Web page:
The number of immigrants in Jesenice, which due to the language and cultural barriers have a hard time integrating into their new environment, has grown in recent years. Therefore, the need for certain activities emerged in the local environment, which on the one hand help us to develop skills and competences for social integration of immigrants in the new environment, and on the other hand improve skills and competences of all the inhabitants for an intercultural dialogue.
Jesenice AEC wants to follow the needs of our environment in this area, so in the context of personnel mobility in the Erasmus + KA1 adult education we implement a project titled “Multiculturalism is our advantage”, in which the professional staff attend structured courses abroad.
In October, I attended the structured course entitled “Intercultural Communication in Education” in Split. 12 participants had the opportunity to look inside themselves and answer the questions: Do I know how to communicate? Am I properly trained for interpersonal and intercultural communication? Am I patient and tolerant? Do I even know what intercultural communication means?
Communication is so widespread in various forms and associated with our lives, that it is often taken for granted. The course of communication in a way often gets our attention only when it’s not successful or the problem emerges in understanding; and these occur even more often in intercultural communication. Cultural, religious and other differences are sometimes difficult to accept, and that is why the intercultural dialogue is so important for mutual respect. People make their views on the basis of experience, past, culture and expectations. There is no correct view in judging others. The work in the field of edult education can be successful only if it is characterized by a multicultural sensitivity and intercultural dialogue, which is why this area is very important for adult educators.
It is not always easy to understand diversity. How come that someone’s way of thinking is different from ours, that he finds other values to be more important, that he puts other things first? There are as many views, opinions, attitudes as there are people, and each has the right and also a duty to respect this diversity.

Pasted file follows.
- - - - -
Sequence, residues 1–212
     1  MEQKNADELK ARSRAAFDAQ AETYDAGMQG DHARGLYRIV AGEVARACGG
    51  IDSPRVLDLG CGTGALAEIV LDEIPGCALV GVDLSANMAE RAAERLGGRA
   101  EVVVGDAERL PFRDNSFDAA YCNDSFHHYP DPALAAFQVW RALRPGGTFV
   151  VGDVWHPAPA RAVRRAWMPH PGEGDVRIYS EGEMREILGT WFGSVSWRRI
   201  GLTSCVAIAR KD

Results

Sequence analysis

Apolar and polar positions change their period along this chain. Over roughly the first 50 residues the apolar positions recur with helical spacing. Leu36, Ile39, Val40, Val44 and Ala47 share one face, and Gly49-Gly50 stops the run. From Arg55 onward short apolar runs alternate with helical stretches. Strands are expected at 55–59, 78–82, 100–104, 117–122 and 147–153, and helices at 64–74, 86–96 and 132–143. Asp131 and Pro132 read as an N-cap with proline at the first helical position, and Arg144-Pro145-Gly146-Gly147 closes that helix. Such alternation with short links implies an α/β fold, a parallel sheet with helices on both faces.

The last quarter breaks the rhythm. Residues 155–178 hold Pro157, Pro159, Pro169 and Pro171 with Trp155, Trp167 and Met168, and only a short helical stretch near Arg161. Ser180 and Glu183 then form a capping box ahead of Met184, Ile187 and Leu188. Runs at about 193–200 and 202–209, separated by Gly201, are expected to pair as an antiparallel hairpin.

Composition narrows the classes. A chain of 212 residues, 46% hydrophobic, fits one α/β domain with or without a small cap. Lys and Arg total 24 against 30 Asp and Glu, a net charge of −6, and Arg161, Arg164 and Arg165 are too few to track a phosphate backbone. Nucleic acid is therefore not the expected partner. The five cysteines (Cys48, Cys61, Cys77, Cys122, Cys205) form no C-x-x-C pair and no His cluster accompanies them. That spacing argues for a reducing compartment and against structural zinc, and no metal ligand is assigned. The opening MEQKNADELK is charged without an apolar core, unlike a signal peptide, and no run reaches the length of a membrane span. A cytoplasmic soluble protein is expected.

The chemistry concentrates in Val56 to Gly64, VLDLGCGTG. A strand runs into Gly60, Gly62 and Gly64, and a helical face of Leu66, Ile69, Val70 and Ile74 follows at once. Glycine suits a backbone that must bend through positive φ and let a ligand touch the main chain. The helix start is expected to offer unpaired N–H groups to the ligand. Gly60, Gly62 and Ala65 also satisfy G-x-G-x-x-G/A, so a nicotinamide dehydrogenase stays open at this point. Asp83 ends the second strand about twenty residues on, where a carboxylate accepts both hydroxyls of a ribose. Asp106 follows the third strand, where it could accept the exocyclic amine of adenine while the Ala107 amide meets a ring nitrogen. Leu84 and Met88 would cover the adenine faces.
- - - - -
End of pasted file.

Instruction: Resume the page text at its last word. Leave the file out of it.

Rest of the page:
Diversity is exactly where a source of progress and development of a fairer society is hiding. It opens a new way of thinking, which really contributes to durable solutions. Socializing with various people supports our tolerance. Listening carefully to the others, their opinions, arguments. At the same time, let us pass on our vision to develop and strengthen multiculturalism in others. It is necessary to develop a high confidence in our views and tradition. All persons, who are confident in themselves, will not perceive diversity as a threat.
When communicating with other nations, other cultures, cultural differences, different values and beliefs are not the ones that always cause problems, but sometimes the language is a problem. Language problems in intercultural communication cannot be completely avoided, but we can make sure that the impact on the success of communication is as little as possible. How? We need to use simple language, regardless of who we talk to. Many people try to use “big” words in order to be more intelligent and make an impression, but it makes it more difficult to communicate.
The list of intercultural competence the lecturers, mentors or other workers in adult education have to adhere to, is long. It is important to try and develop them, since different values and lifestyles are of great importance. We can help a lot in establishing open interaction, exchange and mutual interconnection. We’re not all the same, but may be treated equally.
The Erasmus+ K1 is really an excellent opportunity for personal and professional growth of an individual. The mentioned structured course enriched the participants with findings that respecting diversity is the key to success. The participation of professional staff of the Jesenice AEC in structured courses promotes the strengthening of core competencies and the use for identifying and avoiding stereotyping and prejudice in education, as well as the use of methods for strengthening tolerance and intercultural dialogue for the development of intercultural skills.
Read the blog of the professional workers and also highlights from other courses.
Polona Knific (firstname.lastname@example.org), Jesenice Adult Education Centre